Plant Scientists to Discuss Epigenetics at Iowa State, May 16-17

April 28th, 2002

AMES, Iowa — Six leading scientists in the area of epigenetic mechanisms in plants will present their research during the annual Plant Science Lecture Series at Iowa State University. The presentations will be May 16-17 in the Sun Room of the Memorial Union.

Epigenetics is the study of the processes by which genotype (an organism's genetic information) gives rise to phenotype (discernible properties of an organism determined by the interaction of the genotype with the environment). Epigenetic mechanisms are inherited, alternative states of gene expression that occur without a change in DNA sequence. Epigenetics was the subject of a special issue of Science magazine in August 2001.

Each year's program of the Plant Science Lecture Series is devoted to a topic that relates directly to plant breeding science, research and practice. The event is hosted and organized by Iowa State's agronomy department in conjunction with the horticulture, forestry, plant pathology and botany departments.

The program is free and open to the public. Lunches are included. Registration is requested and can be made on the Web at, or by contacting Mary Lents, agronomy department, (515) 294-3052;

The program schedule is:

Thursday, May 16

8:30 a.m.

"Transgene silencing by the host genome defense: Implications for the evolution of epigenetic control mechanisms in higher organisms" Marjori Matzke, department head, plant molecular genetics, Austrian Academy of Science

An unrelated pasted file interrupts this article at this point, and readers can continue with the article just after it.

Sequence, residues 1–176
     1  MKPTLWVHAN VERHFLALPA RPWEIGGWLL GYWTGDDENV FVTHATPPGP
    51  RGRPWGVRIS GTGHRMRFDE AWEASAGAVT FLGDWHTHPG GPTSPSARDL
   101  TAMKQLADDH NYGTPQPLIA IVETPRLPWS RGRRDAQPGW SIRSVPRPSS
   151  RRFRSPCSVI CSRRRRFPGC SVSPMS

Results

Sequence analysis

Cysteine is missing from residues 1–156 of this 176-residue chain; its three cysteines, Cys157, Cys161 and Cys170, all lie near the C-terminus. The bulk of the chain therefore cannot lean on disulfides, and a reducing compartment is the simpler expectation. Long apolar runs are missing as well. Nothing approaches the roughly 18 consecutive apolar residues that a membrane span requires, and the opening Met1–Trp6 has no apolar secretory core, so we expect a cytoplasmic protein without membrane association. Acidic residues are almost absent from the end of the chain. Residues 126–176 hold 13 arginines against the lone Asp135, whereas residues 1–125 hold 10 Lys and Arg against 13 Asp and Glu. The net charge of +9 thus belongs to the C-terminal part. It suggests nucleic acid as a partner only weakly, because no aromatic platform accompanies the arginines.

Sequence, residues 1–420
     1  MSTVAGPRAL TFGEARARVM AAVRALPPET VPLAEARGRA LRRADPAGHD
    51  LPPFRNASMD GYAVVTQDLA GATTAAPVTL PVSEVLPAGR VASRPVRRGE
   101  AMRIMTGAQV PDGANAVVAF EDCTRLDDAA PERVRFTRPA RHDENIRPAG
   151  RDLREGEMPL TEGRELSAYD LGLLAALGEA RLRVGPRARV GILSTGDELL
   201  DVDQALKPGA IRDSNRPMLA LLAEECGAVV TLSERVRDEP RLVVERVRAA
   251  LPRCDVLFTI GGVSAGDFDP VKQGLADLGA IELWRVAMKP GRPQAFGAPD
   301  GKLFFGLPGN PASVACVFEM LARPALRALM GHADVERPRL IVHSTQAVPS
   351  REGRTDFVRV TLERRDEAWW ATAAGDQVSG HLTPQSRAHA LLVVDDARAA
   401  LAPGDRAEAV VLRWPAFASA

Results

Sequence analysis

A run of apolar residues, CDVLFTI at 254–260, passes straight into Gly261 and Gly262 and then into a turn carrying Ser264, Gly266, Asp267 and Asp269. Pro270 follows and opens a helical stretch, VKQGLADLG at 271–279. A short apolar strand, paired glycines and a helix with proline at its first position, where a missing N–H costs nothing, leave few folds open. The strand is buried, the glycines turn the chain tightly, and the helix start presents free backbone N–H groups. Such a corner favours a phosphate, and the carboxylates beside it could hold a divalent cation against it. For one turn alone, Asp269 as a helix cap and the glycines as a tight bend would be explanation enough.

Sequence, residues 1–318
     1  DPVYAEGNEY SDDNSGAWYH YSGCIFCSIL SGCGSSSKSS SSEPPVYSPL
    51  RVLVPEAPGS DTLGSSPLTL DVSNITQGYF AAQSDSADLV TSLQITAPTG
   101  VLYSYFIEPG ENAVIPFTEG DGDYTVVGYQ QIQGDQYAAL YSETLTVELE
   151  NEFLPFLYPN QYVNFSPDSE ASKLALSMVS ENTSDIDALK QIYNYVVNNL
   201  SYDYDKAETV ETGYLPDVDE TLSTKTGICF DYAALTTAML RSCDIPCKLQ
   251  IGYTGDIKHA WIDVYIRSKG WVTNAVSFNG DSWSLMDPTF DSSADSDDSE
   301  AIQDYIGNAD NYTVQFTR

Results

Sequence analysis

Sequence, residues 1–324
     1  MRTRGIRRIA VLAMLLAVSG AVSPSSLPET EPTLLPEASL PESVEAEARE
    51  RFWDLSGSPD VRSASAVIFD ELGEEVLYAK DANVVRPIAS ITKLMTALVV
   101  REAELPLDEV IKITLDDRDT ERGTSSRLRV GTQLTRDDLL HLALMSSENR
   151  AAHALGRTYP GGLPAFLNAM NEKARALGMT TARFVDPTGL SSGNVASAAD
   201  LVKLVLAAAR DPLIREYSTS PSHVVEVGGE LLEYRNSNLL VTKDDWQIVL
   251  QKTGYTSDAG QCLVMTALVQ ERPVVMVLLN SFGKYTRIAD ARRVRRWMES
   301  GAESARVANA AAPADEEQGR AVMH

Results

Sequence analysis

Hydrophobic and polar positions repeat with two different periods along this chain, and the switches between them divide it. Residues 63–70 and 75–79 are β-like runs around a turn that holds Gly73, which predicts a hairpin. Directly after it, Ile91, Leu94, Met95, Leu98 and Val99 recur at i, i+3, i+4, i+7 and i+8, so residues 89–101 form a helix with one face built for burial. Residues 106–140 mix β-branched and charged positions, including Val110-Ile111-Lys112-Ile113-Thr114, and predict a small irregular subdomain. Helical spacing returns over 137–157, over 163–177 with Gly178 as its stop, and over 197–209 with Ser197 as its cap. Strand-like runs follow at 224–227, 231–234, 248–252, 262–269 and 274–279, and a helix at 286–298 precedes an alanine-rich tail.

10:30 a.m.

"Paramutation: Long distance cis- and trans-interactions controlling gene expression"

Vicki Chandler, professor of plant sciences, University of Arizona

12 p.m.

Lunch, Campanile Room

1:30 p.m.

"Epigenetic controls in polyploid genomes: Locus-specific uniparental gene silencing"

Craig Pikaard, associate professor of plant biology, Washington University

3:30 p.m.

"DNA methylation: Epigenetic variation and inheritance"

Eric J. Richards, associate professor of biology, Washington University

Friday, May 17

8:30 a.m.

"Control and Function of DNA methylation: Lessons from fungi"

Erik Selker, professor of biology, Institute of Molecular Biology, University of Oregon

10:30 a.m.

"Epigenetic regulation in plants: Questions, clues, and vexing problems arising from analysis of the maize p1 gene"

Tom Peterson, associate professor of zoology and genetics, Iowa State University

12 p.m.

Lunch, Gold Room


Kendell Lamkey, Agronomy, (515) 294-7826

Teddi Barron, News Service, (515) 294-4778